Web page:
For much of the country, the idea of an Asian American rapper can still be a bit puzzling. Yet artists such as Dumbfoundead from the West Coast and Awkwafina from the East Coast have hustled for a long time to establish their legitimacy in the hip-hop world. With their successes, Asian Americans’ credibility within hip-hop has slowly been building. And now, Japanese American rapper G Yamazawa, a North Carolina native, is the next name readers can look to carry the momentum forward.
By Jacqueline Wong
In 2017, Yamazawa released his debut album Shouts to Durham, which peaked at #37 on the iTunes top 100 rap albums, and his most famous track, “North Cack,” has reached nearly one million views on YouTube. I was fortunate enough to have a conversation with him. In our open and honest discussion, the rapper talks about his Durham roots, how he sees himself fitting within hip-hop, the state of America’s political divisiveness and so much more.
You’ve performed at SXSW, toured with Dumbfoundead, released a bunch of music videos for your album, and your most well-known music video for “North Cack” has reached almost one million views. And you’ve even traveled to Japan and South Korea to perform. How do you feel about your career up to this point and the successes that you’ve had?
It’s beautiful. I’m really grateful for the journey overall. I’m so thankful for all the positive influences I’ve had in my life. I feel like in America, especially in entertainment, there’s sort of this story that you tell. It’s sort of like a self-made “didn’t-get-any-help-from-nobody” kind of narrative. But it’s just not true. And, I mean, there’s a lot of elements of my story where I am a real solo-solo kinda dude, and I do feel like there’s been a lot of solitude in this journey for sure, but I couldn’t have done all of this without all of the people supporting me, from any regular individual who just saw me at a show, or someone who sends a message, or a mentor figure in my life.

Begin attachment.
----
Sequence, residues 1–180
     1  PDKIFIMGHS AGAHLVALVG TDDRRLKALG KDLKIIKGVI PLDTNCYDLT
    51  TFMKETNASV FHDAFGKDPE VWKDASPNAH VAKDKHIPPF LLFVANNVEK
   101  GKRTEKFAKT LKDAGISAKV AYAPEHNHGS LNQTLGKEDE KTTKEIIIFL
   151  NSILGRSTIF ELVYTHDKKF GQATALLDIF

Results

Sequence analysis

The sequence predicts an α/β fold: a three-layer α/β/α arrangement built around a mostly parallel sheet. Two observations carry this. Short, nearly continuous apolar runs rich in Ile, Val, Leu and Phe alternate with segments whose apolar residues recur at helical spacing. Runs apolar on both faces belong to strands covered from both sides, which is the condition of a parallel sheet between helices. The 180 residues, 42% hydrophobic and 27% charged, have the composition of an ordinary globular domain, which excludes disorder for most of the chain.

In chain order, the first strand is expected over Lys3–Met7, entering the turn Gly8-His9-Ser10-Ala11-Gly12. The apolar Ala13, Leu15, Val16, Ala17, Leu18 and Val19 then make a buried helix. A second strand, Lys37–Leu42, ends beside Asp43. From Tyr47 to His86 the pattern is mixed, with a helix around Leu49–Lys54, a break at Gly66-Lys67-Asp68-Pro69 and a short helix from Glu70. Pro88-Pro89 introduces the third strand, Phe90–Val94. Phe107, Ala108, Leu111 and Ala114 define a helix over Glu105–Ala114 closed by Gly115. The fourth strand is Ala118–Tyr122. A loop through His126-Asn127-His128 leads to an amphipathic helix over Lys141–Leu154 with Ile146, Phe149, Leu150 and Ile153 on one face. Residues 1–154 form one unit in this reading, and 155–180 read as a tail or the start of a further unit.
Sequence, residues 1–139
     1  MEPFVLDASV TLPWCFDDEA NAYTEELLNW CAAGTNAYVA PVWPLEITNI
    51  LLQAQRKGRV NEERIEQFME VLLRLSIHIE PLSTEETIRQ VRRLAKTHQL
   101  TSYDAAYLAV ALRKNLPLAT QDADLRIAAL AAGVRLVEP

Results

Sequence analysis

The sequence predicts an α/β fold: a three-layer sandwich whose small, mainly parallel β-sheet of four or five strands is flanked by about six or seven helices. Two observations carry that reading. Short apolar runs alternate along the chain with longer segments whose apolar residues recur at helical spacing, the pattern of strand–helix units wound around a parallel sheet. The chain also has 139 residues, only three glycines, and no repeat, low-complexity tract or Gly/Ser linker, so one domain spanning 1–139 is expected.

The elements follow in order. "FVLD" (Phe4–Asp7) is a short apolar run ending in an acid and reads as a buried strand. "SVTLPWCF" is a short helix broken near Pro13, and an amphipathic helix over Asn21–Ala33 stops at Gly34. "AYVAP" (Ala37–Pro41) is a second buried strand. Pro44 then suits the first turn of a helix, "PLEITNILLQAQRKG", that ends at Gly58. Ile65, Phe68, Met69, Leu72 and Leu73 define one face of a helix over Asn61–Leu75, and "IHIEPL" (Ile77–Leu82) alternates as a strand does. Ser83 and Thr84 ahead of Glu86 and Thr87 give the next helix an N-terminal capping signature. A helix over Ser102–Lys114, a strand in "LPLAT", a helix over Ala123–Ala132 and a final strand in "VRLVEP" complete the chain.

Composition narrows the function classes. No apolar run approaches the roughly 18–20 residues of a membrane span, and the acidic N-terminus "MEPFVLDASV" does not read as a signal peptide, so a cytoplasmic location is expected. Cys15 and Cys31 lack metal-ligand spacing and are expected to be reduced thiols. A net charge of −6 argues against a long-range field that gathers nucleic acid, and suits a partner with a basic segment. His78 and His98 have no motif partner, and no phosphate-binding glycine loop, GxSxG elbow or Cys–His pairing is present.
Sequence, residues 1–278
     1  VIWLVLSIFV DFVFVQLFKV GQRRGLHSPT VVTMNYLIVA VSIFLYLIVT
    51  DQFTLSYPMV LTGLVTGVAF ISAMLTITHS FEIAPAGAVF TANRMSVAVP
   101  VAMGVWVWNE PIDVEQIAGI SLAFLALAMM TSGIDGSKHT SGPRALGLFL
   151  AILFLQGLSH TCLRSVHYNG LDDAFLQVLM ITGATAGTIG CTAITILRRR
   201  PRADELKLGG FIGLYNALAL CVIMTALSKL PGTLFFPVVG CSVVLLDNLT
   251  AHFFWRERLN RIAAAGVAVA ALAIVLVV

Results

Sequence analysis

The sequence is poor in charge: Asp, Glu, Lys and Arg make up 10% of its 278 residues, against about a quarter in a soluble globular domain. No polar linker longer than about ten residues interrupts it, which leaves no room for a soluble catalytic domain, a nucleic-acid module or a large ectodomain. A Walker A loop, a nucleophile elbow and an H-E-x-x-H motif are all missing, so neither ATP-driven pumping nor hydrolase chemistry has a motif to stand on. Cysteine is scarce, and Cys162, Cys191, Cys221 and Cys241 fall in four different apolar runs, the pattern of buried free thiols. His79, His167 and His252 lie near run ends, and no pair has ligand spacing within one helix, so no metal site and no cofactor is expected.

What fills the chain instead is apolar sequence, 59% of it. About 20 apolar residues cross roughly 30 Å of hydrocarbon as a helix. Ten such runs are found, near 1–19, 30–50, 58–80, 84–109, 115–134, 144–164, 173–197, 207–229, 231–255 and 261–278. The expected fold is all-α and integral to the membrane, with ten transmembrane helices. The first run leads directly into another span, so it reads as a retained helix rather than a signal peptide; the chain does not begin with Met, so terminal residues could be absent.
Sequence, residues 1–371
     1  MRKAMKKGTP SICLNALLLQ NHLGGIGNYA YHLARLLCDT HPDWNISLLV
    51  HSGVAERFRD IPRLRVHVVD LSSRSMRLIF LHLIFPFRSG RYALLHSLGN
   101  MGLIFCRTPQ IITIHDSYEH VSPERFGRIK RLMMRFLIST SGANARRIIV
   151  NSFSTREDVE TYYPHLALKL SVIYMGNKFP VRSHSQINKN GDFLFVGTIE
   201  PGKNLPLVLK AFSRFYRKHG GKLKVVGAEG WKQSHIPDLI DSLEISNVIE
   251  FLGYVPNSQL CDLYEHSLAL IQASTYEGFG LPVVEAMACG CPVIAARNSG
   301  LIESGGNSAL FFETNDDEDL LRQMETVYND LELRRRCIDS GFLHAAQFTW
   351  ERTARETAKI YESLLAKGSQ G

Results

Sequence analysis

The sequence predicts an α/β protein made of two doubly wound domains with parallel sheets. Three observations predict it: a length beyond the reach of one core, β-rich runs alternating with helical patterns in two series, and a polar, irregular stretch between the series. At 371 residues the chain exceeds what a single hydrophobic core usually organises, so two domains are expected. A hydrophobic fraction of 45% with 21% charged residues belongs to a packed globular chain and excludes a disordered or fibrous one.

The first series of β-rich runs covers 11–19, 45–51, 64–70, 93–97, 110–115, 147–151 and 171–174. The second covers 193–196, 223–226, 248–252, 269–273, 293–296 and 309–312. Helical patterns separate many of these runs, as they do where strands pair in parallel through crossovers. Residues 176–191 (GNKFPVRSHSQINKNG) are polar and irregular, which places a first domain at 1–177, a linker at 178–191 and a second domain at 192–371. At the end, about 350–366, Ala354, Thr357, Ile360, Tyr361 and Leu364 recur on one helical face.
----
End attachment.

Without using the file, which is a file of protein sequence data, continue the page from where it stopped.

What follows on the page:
The title of your album is Shouts to Durham. Why did you decide to dedicate your album to Durham [Yamazawa’s hometown]?
It’s difficult for me to think of large, overarching concepts. I’m more of an intuitive writer, and so when I was putting all the songs together, and I was trying to figure out the arc or theme to the album, Shouts to Durham just was the simplest and most powerful way for me to just describe where I was and how I felt in that moment without having to have a strict metaphorical theme and concept to the present.
What was it about growing up in Durham that was so formative for you?
Growing up in Durham is something I’m so thankful for because it nurtured me into the person that I am. I think it was unique just because of obvious reasons, of me being one of the only Asian Americans in my community and in my schools and growing up with hip-hop. And just what it was like growing up in a small town in America is just different from an L.A., New York, Miami … we don’t really have numbers, but we have a lot of heart. I think it allowed me to kind of stay levelheaded and keep carrying this kind of simplicity with me that I’m proud of.